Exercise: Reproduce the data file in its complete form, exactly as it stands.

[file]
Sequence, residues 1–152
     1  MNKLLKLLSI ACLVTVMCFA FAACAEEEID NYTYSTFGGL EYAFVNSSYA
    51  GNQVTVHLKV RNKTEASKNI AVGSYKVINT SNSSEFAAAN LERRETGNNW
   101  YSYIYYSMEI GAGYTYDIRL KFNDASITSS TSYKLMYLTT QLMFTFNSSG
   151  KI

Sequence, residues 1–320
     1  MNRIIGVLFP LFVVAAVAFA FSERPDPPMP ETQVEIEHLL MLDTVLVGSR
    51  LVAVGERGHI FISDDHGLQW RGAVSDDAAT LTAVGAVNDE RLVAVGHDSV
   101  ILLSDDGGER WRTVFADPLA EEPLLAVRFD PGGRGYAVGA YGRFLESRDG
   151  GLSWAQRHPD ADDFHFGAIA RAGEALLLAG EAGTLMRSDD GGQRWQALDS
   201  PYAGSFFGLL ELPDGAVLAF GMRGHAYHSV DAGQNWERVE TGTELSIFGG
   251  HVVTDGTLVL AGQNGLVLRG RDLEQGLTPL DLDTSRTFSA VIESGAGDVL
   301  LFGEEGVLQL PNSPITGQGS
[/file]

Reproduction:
Sequence, residues 1–152
     1  MNKLLKLLSI ACLVTVMCFA FAACAEEEID NYTYSTFGGL EYAFVNSSYA
    51  GNQVTVHLKV RNKTEASKNI AVGSYKVINT SNSSEFAAAN LERRETGNNW
   101  YSYIYYSMEI GAGYTYDIRL KFNDASITSS TSYKLMYLTT QLMFTFNSSG
   151  KI

Sequence, residues 1–320
     1  MNRIIGVLFP LFVVAAVAFA FSERPDPPMP ETQVEIEHLL MLDTVLVGSR
    51  LVAVGERGHI FISDDHGLQW RGAVSDDAAT LTAVGAVNDE RLVAVGHDSV
   101  ILLSDDGGER WRTVFADPLA EEPLLAVRFD PGGRGYAVGA YGRFLESRDG
   151  GLSWAQRHPD ADDFHFGAIA RAGEALLLAG EAGTLMRSDD GGQRWQALDS
   201  PYAGSFFGLL ELPDGAVLAF GMRGHAYHSV DAGQNWERVE TGTELSIFGG
   251  HVVTDGTLVL AGQNGLVLRG RDLEQGLTPL DLDTSRTFSA VIESGAGDVL
   301  LFGEEGVLQL PNSPITGQGS